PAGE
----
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Police investigate rash of vehicle thefts in city


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Playing it safe: Joe Urban goes through his car, which is parked in the driveway of his home in the Hampton Place neighborhood in Greenfield. Urban's has been among the 100 or so vehicles ransacked in the past two weeks. He%u2019s had electronics, CDs and change stolen. (Tom Russo/Daily Reporter)
Playing it safe: Joe Urban goes through his car, which is parked in the driveway of his home in the Hampton Place neighborhood in Greenfield. Urban's has been among the 100 or so vehicles ransacked in the past two weeks. He%u2019s had electronics, CDs and change stolen. (Tom Russo/Daily Reporter)

The areas highlighted in pink show where vehicles have been targeted by thieves in recent weeks. (Brian Davis / Daily Reporter graphic)
The areas highlighted in pink show where vehicles have been targeted by thieves in recent weeks. (Brian Davis / Daily Reporter graphic)


Police need your help tracking down those responsible for upwards of 75 thefts from cars in recent weeks. If you’ve seen something suspicious or have information that might help police, call the Greenfield Police Department at (317) 477-4410.

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GREENFIELD — Stand in the garage, click the key fob, and wait for the beep.

Making sure his car is locked has been part of Joe Urban’s nightly routine since thieves rifled through his Honda six months ago while it was sitting in the driveway.

And yet, this week, Urban became a victim again.

The family thinks the thieves didn’t get away with much this time – some CDs and a handful of change – but there’s still some bickering about who accidentally left the car unlocked.

Greenfield police have been overwhelmed in recent weeks with calls from area residents who have woke up to find their cars ransacked overnight. Greenfield Police Chief John Jester estimates there have been 75 thefts from cars in the past two weeks alone. The majority of the thefts were from unlocked cars, though there has also been a rash of reports of windows shot out with what police believe is a BB gun.

Police have not yet confirmed whether the incidents are related.

In Urban’s case, it was an officer who knocked on his door to tell him there’d been a rash of thefts from cars in his neighborhood. One of his car doors was ajar, a sign it had been targeted.

Officers were going door to door after receiving a variety of calls from the same subdivision, Hampton Place, where Urban lives with his wife and their two children.

They looked for anything suspicious, including open doors, and told owners to contact police if they discovered anything missing.

Urban said his family had made a concerted effort to keep everything locked and valuables tucked away since the first theft last summer, when someone made off with a GPS device and iPod.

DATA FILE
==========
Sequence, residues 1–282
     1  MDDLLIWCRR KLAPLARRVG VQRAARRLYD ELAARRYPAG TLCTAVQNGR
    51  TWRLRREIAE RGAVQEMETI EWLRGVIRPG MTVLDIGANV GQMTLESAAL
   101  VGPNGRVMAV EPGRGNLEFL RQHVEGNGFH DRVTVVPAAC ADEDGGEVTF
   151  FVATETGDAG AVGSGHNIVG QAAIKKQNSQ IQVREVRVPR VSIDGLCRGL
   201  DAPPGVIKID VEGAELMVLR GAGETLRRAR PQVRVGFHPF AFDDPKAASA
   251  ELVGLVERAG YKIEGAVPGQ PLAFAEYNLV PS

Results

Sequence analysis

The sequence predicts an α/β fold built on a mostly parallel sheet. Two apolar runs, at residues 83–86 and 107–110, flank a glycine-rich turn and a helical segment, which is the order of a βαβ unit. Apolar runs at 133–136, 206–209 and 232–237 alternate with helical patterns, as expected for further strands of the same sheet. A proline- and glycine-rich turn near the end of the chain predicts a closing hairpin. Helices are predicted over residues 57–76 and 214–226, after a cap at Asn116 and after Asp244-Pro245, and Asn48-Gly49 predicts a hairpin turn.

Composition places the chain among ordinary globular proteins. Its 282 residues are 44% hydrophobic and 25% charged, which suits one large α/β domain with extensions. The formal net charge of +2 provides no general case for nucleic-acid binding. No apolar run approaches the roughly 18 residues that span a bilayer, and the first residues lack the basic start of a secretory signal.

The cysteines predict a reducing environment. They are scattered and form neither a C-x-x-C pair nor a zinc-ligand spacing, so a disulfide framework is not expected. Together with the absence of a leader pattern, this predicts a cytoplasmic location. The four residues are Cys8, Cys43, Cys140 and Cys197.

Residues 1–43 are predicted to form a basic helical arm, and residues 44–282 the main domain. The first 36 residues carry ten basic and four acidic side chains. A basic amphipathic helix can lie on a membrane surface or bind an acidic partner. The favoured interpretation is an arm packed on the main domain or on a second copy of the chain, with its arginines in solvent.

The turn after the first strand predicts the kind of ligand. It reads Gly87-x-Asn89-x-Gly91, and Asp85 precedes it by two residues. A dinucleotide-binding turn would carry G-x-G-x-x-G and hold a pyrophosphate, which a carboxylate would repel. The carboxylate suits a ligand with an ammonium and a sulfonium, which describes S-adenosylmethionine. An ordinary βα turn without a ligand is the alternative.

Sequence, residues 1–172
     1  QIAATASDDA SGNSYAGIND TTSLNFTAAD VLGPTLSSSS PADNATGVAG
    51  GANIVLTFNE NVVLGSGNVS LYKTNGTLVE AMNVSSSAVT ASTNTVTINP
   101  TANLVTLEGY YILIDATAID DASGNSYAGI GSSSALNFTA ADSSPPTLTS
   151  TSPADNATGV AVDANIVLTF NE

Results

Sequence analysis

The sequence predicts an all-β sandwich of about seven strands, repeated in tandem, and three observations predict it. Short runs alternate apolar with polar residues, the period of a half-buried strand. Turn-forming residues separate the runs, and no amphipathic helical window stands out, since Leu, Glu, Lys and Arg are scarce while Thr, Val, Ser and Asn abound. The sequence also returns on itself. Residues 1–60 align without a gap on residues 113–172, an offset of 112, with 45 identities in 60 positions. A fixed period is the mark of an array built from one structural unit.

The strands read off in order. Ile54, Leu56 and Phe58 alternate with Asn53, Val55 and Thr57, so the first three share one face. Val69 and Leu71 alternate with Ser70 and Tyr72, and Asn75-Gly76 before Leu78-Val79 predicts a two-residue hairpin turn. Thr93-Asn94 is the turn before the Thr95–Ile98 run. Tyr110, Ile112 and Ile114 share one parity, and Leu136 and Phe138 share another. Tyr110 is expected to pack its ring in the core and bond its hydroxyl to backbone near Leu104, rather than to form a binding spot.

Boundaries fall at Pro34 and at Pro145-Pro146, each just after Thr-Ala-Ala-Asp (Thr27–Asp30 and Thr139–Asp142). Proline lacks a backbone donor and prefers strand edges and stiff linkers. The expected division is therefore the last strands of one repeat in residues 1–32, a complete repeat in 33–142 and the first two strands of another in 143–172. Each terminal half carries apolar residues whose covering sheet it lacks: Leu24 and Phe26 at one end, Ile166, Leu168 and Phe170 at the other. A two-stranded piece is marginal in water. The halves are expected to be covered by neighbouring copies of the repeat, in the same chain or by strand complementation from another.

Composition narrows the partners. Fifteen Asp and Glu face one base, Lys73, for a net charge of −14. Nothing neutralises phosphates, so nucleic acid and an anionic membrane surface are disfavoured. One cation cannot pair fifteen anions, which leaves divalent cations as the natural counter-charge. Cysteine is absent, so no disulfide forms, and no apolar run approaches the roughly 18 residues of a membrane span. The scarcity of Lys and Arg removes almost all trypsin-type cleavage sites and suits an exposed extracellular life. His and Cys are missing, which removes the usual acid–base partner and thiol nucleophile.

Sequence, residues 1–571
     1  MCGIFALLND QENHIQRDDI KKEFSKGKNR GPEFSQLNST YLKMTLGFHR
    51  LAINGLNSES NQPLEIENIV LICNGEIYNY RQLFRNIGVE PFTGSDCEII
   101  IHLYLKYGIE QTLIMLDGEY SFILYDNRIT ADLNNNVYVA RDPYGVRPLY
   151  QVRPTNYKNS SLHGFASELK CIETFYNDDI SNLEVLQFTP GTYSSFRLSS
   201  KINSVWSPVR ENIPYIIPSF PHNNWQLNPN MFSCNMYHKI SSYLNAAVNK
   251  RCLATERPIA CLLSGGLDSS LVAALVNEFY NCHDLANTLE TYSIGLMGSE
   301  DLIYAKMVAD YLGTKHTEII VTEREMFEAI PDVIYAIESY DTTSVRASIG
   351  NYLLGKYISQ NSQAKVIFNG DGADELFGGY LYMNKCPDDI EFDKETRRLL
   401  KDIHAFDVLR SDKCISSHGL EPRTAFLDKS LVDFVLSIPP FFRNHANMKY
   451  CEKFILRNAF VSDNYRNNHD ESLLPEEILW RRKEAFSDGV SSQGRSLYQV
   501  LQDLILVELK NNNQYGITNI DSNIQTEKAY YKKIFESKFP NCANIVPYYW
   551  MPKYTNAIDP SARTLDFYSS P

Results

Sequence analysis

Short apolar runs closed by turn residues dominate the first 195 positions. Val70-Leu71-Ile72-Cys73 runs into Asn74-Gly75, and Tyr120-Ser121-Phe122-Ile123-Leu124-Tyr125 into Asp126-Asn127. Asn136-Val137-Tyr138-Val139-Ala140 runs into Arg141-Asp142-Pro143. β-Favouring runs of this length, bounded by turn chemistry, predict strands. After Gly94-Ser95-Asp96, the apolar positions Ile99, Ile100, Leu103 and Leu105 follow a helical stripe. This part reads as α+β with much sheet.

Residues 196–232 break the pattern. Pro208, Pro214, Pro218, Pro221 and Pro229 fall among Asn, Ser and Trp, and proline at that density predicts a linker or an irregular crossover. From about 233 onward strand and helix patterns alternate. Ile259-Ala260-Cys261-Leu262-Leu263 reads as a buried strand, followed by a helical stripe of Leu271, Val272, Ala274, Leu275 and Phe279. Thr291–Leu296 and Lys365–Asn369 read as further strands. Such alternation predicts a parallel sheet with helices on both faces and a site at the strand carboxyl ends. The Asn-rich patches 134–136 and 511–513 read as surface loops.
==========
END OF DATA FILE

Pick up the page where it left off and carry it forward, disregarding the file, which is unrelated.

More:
And though the thieves didn’t take much property this time around, they did steal something equally important – the family’s sense of security.

Urban and his wife have a 9-year-old son and 15-year-old daughter, and the incident has rattled them, he said.

“The car is right outside the house, and so, what stops them from walking another 20 feet and checking doorknobs?” he said.

A variety of housing additions have been hit, including Sawmill, Weston Village, Liberty Shores and Meridian Springs on the city’s west side and Indigo Springs, Hampton Place and McKenzie Glen on the city’s east side.

The thieves appear to be making quick work of it, targeting unlocked cars and making a fast grab of whatever’s readily available before moving on.

The thieves have left many car doors ajar, likely to avoid slamming them and alerting someone.

Jester suspects there are even more victims than reports.

“I think a lot of people are saying, ‘It’s not going to be covered by insurance,’” he said.

But there’s danger in not reporting, even if the items taken are small, said Detective Lt. Randy Ratliff, head of the department’s investigations unit.

If a suspect is caught with someone else’s property, the only way to prosecute them successfully is to prove the items were stolen.

Without a police report already in hand, that’s next to impossible.

“We have caught people in the recent past who had the property on them, but the report was never filed,” Ratliff said. “They admitted they were out, breaking into cars. If we don’t have a victim, we don’t have a crime.”

Residents can do a variety of things to protect themselves, namely locking their cars, Jester said.

“They’re walking around; they’re feeling door handles,” he said. “If the door’s locked, they’re moving on.”

The public can also aid police by staying alert and calling 911 to report suspicious activity.

Even someone’s dogs barking in the middle of the night can be a sign something’s not right, Jester said.

Neighbors know better than anyone whether something is out of place, and police are counting on them for help identifying a suspect.

“Somebody has to see these people,” Ratliff said. “There’s too much of it going on.”

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